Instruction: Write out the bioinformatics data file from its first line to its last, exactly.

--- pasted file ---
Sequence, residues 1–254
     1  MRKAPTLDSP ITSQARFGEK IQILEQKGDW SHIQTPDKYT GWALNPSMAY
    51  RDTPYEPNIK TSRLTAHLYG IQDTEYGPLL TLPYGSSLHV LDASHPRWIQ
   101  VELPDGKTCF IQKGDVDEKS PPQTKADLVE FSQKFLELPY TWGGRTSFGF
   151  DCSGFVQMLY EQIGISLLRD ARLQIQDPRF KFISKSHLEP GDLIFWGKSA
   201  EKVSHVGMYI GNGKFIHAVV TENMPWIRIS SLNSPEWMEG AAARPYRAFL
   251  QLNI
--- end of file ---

Sequence, residues 1–254
     1  MRKAPTLDSP ITSQARFGEK IQILEQKGDW SHIQTPDKYT GWALNPSMAY
    51  RDTPYEPNIK TSRLTAHLYG IQDTEYGPLL TLPYGSSLHV LDASHPRWIQ
   101  VELPDGKTCF IQKGDVDEKS PPQTKADLVE FSQKFLELPY TWGGRTSFGF
   151  DCSGFVQMLY EQIGISLLRD ARLQIQDPRF KFISKSHLEP GDLIFWGKSA
   201  EKVSHVGMYI GNGKFIHAVV TENMPWIRIS SLNSPEWMEG AAARPYRAFL
   251  QLNI